Excerpts from a lecture at the Swedish Librarian Society's Conference on Copyright in Örebro, September 25, 1998.
Will copyright disappear?
A prerequisite for there being any meaning in the concept of copyright is, of course, that there is a clearly defined author and a clearly definable work - as well as some reason to regulate and define the relationship between them on the one hand, and potential users of the work on the other.
Auctors or creators have, of course, existed for as long as people have been around. In a broad sense, creative work has been going on for many thousands of years. But there are, of course, big differences between intellectual products such as cave paintings, nifty inventions to make a plow a better tool than it was before, medieval vagrant poetry, tabloids and Hollywood films.
Making a broad generalization, once could say that during the era of handwritten documents, both in terms of text and music, the compiler had a completely different role than today.
Handwritten books had many layers and different authors behind them, and it was not always so clear as to who did what as with today's publications. Sometimes it was apparent that a work was a kind of anthology, sometimes the texts of several authors were hidden behind a single author's name. It was commonplace to write, mixing one's own thoughts with borrowed ideas. When copying books, scribes often added their own comments or skipped over items that they did not like or found less important. There was absolutely no certification of accuracy, either from those who had written the book, those who copied it or from any publisher. We can be glad, however, that there was as much copying of other people's works as there was, since the writings of many authors have been lost and remain only as copies.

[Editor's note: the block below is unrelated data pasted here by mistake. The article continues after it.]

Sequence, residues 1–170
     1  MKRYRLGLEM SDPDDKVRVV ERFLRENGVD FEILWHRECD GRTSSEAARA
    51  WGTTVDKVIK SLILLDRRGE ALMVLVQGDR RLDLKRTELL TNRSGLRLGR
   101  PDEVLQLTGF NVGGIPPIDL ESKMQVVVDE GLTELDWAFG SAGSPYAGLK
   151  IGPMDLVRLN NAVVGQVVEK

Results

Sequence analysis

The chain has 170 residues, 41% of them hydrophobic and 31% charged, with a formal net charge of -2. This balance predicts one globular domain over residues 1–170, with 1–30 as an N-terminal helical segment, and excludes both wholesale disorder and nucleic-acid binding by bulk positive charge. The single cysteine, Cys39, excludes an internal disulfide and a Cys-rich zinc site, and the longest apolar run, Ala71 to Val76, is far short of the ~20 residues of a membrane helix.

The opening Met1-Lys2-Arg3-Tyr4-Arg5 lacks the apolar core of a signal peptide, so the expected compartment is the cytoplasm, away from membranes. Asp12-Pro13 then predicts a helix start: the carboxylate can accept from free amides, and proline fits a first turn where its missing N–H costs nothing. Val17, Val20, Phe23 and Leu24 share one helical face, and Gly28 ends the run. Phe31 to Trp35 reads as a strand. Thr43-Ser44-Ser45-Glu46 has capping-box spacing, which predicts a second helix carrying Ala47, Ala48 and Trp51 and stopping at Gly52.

Conditions improved in many ways with the art of printing books. More copies made the contents less vulnerable. If a library burned down somewhere, an exact copy was, perhaps, preserved somewhere else. Now, the edition had become the constant, which, from the standpoint of authorization, was a great improvement over the past, when the only constant was each individual item for itself. This paradigm shift did not occur overnight, however. Just as it is impossible to digitize all books for electronic publication today, not all previously handwritten texts were published in printed form. Handwritten texts remained very important for a long time after Gutenberg's invention.
Printed books did not immediately become the artifacts and, above all, the products we view them as today. Typographically, both handwritten books and the first century of printed books retained many of the traits of the culture of oral tradition. Texts did not appear as they do today. Paragraph division was not done in the same way and headings and titles were not given the headline articulation so familiar to us today, that of delineating important items with larger font sizes and so forth. It is quite common in old books to see that the largest word is, for instance, the definite article.